WASHINGTON – A sweeping anti-affirmative action proposal that would have ended racial and gender preferences in federal hiring and contracting was rejected Thursday by a House panel.
The House Judiciary Committee killed the Civil Rights Act of 1997 by a 17-9 vote. Rep. George W. Gekas, R-Pa., led a group of three Republicans and 14 Democrats to quash the measure. Nine GOP legislators voted against the action.
The bill was sponsored by Rep. Charles Canady, R-Fla., and Rep. Roscoe Bartlett, R-Frederick, was one of the 53 co-sponsors. The broad span of the bill, which would have affected federal actions such as the enforcement of the voting rights act and school desegregation, prompted the GOP division.
Prominent black leaders and politicians, who had front-row seats in the overflowing Capitol Hill hearing room, cheered the vote and attributed the defeat to the large audience turnout and strong opposition to the bill.
“The foundation of politics is the mobilization of the people,” said Rep. Albert Wynn, D-Prince George’s. “The turnout played a part, but also the overall intensity, the rallying and the fact that there was a full room.”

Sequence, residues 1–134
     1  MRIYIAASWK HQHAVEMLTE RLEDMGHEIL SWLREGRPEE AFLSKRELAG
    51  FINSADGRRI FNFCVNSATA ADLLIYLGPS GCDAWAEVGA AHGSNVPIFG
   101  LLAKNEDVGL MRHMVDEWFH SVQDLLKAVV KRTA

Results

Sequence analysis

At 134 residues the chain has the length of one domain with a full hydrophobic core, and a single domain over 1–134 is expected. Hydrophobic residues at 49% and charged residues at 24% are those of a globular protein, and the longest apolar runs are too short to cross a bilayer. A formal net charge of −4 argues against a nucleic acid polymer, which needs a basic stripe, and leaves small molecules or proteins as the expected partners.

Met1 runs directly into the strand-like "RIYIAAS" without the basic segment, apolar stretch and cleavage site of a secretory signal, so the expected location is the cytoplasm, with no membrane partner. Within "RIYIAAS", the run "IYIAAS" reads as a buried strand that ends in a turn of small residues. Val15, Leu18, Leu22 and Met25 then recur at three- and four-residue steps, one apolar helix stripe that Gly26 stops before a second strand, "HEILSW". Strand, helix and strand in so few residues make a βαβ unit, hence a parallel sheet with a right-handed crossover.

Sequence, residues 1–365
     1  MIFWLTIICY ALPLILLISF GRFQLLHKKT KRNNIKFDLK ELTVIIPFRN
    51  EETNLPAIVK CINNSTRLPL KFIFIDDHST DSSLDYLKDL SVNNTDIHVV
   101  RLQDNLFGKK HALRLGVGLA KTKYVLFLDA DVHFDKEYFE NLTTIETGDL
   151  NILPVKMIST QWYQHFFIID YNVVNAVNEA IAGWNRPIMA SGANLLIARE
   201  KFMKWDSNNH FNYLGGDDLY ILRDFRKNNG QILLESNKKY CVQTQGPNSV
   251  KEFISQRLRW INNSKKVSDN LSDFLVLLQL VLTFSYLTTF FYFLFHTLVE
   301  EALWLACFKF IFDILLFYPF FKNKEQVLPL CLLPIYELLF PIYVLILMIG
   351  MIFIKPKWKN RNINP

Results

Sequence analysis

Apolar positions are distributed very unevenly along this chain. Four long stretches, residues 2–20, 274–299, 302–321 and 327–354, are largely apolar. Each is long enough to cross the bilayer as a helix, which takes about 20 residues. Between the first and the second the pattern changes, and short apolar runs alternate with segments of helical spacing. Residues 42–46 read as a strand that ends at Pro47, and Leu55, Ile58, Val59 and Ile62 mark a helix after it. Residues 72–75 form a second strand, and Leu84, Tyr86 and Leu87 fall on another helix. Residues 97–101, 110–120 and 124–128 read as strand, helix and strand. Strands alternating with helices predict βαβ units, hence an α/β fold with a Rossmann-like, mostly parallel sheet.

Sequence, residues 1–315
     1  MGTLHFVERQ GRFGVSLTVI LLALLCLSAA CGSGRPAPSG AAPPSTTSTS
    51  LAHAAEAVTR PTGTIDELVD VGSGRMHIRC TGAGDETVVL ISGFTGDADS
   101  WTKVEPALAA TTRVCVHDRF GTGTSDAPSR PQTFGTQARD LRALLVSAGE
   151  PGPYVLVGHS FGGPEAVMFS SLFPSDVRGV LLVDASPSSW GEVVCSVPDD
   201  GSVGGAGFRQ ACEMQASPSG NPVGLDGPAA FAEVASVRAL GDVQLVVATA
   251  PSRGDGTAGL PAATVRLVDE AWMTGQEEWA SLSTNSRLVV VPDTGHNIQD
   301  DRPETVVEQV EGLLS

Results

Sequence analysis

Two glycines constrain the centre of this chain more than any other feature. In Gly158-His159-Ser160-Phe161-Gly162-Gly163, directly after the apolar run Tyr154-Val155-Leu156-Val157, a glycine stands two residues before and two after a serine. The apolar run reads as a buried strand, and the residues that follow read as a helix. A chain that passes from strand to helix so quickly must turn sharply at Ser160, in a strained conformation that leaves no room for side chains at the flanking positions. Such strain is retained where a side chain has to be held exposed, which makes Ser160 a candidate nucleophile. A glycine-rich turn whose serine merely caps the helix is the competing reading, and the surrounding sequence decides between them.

Civil rights leader Jesse Jackson called the decision “a major victory.”
“Clearly the Republicans are aware of the intensity of opposition,” Jackson said.
Following the vote, Jackson led a prayer urging people to continue to fight for the American dream and for “equal opportunities for all: red, yellow, brown, black and white.”
Black leaders encouraged the audience to keep up the lobbying effort and to support affirmative action.
“If you fight you can win, and you never know if you don’t put forth the effort,” said Rep. Maxine Waters, D-Calif.
Waters told the crowd that “simply because it was tabled today doesn’t mean that it won’t be taken up again. Always be alerted.”
In a pre-hearing rally organized by the Congressional Black Caucus, speakers explained to the packed audience what the bill would mean to equality in the federal work place.
“The bill is both sweeping and comprehensive and could remove the foundations of racial and gender equality, for which our ancestors fought, suffered and died,” said Rep. Elijah E. Cummings, D-Baltimore.
Rep. Sheila Jackson Lee, D-Texas, cited a similar measure defeated in Houston that also would have ended affirmative action, and drove home to the audience that such a bill eliminates all “gender-conscious remedies.”
“This is like the mother of all anti-civil rights bills,” Lee said. She stressed that the bill would end all quotas, numerical goals, timetables and consent decrees in hiring women and minorities.
Wynn ended the rally by urging the audience to continue to oppose similar legislation.
“The struggle continues,” Wynn said. “It is our turn, it is our responsibility, it is our duty to fight this fight.”